In “No Bad Deed,” debut author Heather Chavez presents readers with the thought that making one wrong move or just one poor decision, might change our lives. In fact, Cassie Larkin has always regretted not helping a victim of abuse she witnessed when she was in college, and she’s tried to make up for that lack in her current life. She’s a veterinarian whose heart is bigger than her pocketbook as she helps her patients with their beloved pets even when they can’t afford her skills. She’s a loving mother to her two children and a devoted wife to Sam, every woman’s idea of a perfect husband. He understands when she has to work long hours and can’t always be home for dinner or the children’s events. Continue reading
There’s a pandemic going on, and now more than ever, children need to read about inspirational figures. Few women have motivated more young girls than Ruth Bader Ginsburg. Three recent releases celebrate her life; each is appropriate for a different age group of children and all three are books that are worthy to be read to children and by children right now. All of them cover the amazing life of Ginsburg, but each is special in a different way. Additionally, two other new picture books feature the lives of two relatively unknown women, Mother Jones and Febb Burn, both of whom changed the lives of women in our country. Continue reading
Like many popular mysteries, “The Other Mrs.” by Mary Kubica has multiple narrators, but in this psychological suspense novel, readers are lead down the wrong dark path. Or rather, we are led down a path that goes in the right direction, but we completely miss the shady crooked path that goes to the heart of the mystery. Continue reading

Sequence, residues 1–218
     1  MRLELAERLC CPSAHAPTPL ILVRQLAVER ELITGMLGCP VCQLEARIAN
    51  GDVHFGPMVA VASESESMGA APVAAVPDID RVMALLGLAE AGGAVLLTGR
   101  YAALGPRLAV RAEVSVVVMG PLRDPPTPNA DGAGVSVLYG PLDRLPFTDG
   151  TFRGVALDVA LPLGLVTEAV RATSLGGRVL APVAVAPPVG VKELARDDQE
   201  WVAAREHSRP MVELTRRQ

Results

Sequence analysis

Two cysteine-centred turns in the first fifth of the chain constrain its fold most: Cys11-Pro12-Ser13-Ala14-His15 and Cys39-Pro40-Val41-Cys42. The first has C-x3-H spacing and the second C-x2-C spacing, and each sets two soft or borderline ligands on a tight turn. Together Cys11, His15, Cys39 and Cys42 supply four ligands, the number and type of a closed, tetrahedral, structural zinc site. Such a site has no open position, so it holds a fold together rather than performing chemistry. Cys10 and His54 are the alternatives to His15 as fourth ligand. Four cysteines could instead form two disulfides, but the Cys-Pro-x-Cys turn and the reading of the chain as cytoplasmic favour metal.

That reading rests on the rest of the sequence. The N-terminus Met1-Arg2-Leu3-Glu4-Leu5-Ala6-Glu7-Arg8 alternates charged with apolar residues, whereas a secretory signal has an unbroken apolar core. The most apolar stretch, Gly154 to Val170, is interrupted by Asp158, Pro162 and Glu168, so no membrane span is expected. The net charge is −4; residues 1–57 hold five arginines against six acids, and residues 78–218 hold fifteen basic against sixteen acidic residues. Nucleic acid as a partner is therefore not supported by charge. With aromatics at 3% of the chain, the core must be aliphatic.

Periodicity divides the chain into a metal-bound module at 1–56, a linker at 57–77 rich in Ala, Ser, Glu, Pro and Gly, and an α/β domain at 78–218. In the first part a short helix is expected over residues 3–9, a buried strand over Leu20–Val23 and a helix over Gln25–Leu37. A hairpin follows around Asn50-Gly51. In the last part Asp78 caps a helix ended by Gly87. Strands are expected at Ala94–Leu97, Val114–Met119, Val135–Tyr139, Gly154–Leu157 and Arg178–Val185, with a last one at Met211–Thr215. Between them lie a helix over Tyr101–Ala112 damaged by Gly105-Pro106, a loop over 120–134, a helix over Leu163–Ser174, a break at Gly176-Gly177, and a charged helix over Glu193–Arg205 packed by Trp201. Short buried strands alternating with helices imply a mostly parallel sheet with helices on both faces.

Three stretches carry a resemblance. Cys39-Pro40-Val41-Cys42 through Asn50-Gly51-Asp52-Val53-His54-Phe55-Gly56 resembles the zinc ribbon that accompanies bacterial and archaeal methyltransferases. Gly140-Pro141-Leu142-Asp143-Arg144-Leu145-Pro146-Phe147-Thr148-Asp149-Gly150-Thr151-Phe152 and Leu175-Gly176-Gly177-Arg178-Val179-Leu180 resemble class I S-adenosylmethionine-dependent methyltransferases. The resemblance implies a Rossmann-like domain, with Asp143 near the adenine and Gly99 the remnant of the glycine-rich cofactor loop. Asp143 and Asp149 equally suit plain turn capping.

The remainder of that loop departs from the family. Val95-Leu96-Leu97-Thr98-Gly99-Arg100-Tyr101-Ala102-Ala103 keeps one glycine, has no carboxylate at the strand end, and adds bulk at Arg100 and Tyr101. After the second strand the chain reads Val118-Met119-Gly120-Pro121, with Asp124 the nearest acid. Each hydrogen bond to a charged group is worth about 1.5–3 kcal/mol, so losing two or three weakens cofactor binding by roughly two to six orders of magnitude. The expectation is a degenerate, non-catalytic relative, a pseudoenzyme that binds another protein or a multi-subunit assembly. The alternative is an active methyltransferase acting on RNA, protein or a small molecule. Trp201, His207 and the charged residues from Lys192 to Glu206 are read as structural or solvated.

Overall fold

“City Spies” by James Ponti is an action story that kids (and adults) will love. A group of underdog kids as young as twelve live in an old manor home in Scotland and work with a British spy nicknamed “Mother” as a team foiling international villains.
First we meet Sara, from whose perspective the story is mostly told. She is in custody after hacking into the New York City computers to expose her cheating, horrible foster parents. But when a debonair man offers to represent her, she quickly chooses him as her lawyer rather than the public defender who was going to agree to her serving time in a juvenile detention home. After she quickly hacks into the State of New York court computers to substitute in the new lawyer, the change of attorneys looks legitimate . By that evening, she’s on a plane to Scotland and a new life. Continue reading
It’s proof of J.D. Robb’s talent that “Golden in Death” is the 50th novel in this popular series featuring New York Police Lieutenant Eve Dallas, yet one could just as easily pick it up and read it as a stand alone mystery — and enjoy it just as much as a fan who’s read all the previous 49 novels.
In this mystery, a well-liked pediatrician is found murdered by a mysterious substance that killed him in minutes, evaporated almost immediately, and is unknown to the authorities. Soon after, there is another, similar murder. In each case, a package had been delivered to the murdered person with a fake return address. When each victim opened the outer shipping box, there was another box inside — a cheap wooden box — and inside that box was a plastic egg painted gold. When the clasp was unhinged, allowing the egg to open, the murderous substance was released. Continue reading